“You need to be your own best friend,” says Lo Myrick, a mind-set coach and business consultant based in Charlotte, N.C. “You need to take responsibility for yourself.”
Research in a concept that psychologists call self-determination shows that having the ability to draw on internal resources, such self-regulation or self-compassion, during tough times is essential to our well-being and performance. We’re strongest and most stable when we’re motivated from within, have control over our decision-making and time, and feel a sense of purpose.
I’ve also noticed that when I’m feeling sad, Olive the cat is right by my side. She’s been exceptionally affectionate lately. She must know we’ve grieving and she’s doing her best to make my husband and I feel better.
I’m also looking forward to Christmas with my children and friends. I can’t wait to give then all a big hug.
What are your thoughts on being your own life coach? Isn’t that the same as being resilient?
This past week was a tough one for us. But, I learned to appreciate friendships — new and old. We lost our dear friend Mark on Thanksgiving night who we’ve known for decades, but afterwards we got closer to his friends and family. We attended a viewing that was for his family and closest friends. There will be a funeral in Seattle, where he grew up and lived until a few years ago, after the holidays.
I wasn’t anxious to attend the viewing. It seemed to be on the morbid side to me. But it turned out to be very comforting. It was in a building with a nice waiting area with comfortable couches and chairs. The 20 or so of us friends and family gathered and hugged. By ones and twos people would go into the separate viewing area. My husband and I chose not to because we wanted to remember Mark as we knew him. One of his sons went in and one stayed out.
Afterwards, we went to lunch with some of Mark’s family and with one couple who flew down from Seattle for the viewing. Mark had introduced us to the Seattle couple in the spring. We hit it off and I’ve visited the Seattle couple when I’m up there to see my mom. They are planning on moving to Arizona when they retire and they bought a house here because of Mark that they’ve rented out. They asked to stay with us. I’m so glad they did. It was nice to be with them and share memories about Mark. I feel like our friendship has been cemented and that we’re in a special club for “Friends of Mark.” We are new friends who will become old friends — God willing.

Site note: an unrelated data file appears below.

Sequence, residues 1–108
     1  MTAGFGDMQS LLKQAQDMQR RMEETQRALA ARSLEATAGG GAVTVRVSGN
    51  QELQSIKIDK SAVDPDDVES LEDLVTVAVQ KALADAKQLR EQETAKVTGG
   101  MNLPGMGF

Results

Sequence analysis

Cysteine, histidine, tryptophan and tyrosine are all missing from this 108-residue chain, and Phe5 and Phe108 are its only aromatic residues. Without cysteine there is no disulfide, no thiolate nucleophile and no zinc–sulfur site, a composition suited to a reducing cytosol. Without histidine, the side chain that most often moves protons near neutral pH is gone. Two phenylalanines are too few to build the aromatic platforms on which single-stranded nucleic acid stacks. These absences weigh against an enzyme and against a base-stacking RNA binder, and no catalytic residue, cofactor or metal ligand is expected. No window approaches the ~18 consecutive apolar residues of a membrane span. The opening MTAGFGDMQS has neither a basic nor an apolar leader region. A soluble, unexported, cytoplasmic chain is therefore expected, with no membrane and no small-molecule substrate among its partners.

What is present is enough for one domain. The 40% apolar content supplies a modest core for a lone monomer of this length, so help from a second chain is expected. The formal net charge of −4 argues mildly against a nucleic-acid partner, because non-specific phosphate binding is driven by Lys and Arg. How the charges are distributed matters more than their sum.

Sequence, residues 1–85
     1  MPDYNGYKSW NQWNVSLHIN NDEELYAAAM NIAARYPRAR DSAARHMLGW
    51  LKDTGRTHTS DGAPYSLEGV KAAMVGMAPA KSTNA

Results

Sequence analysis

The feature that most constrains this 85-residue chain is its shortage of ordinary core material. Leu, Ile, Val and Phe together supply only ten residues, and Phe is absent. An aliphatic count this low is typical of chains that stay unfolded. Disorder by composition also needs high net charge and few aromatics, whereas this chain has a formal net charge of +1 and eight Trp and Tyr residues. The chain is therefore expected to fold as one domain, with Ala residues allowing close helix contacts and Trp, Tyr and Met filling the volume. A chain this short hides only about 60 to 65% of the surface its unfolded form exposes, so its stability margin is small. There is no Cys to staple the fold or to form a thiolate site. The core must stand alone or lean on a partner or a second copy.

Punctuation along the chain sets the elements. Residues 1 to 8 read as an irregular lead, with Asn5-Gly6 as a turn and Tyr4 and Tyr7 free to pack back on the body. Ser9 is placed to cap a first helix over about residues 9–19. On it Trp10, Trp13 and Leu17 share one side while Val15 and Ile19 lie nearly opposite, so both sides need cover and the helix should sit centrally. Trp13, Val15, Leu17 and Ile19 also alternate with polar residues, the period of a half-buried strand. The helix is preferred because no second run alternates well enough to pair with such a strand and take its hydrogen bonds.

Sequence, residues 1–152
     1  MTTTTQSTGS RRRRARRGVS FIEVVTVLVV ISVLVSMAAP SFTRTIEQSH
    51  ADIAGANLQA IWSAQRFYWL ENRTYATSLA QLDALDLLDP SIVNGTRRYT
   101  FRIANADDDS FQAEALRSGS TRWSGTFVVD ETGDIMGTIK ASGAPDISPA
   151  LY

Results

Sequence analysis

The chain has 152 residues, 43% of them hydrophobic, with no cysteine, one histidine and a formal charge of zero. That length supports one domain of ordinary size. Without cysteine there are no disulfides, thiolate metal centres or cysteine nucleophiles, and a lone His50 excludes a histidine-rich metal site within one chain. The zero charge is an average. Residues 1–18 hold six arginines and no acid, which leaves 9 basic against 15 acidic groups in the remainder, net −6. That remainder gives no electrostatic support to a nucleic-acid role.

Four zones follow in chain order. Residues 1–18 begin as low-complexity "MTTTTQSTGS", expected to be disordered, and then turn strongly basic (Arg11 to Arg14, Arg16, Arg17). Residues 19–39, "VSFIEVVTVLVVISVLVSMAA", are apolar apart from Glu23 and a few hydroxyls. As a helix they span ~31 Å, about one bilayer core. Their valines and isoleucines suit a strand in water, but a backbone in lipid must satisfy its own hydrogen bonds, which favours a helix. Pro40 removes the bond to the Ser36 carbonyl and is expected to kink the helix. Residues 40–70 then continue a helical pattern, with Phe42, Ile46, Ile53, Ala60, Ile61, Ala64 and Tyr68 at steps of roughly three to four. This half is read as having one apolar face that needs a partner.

In the evening, we all gathered at Mark’s house for finger foods and a pasta dinner prepared by his family. All the time with these friends and people I haven’t seen for years, or who I met for the first time, was a big step in healing. I returned home feeling peaceful and less sad and fragile. I’m happy for the time we had Mark in our lives and I’m amazed at how he touched so many people.
Do you think that since March 2020, we lost connection with friends and family and the joy it brings to our lives? Did you, or were you able to stay close to your loved ones?
Everything and everyone is irritating me today. I think it’s a mixture of one part grieving and two parts too many interruptions. I have had more than a week straight of guests, visits with friends, preparing meals for guests. I just want to get back to my normal, quiet life.
Yesterday was a day of constant interruptions. Have you ever had one of those days where the phone rings nonstop? And people in your house need your attention while you’re on the phone? That’s what yesterday was like for me. And I have this extra long list of things to do before tomorrow when our new friends come for the funeral. But I keep getting pulled away from my list, so I feel out of control. I’d like to sit outside and finish my book — or go back to bed and start the day over.
I’m trying to print something out for my husband, who just interrupted me. Paper jam. Go figure.
I have to be very careful today. I do not want to act irrationally or snap at my husband. Everybody is getting on my nerves. I can say it’s a good thing my dad returned home to Palm Springs yesterday. I think when my house is empty, when the funeral is over, I can exhale and decompress.
I think my aggro mood is rooted in the death of our best friend and not having the space, quiet and time to grieve.
Have you ever had an “out of sorts” sort of day? How do you handle it?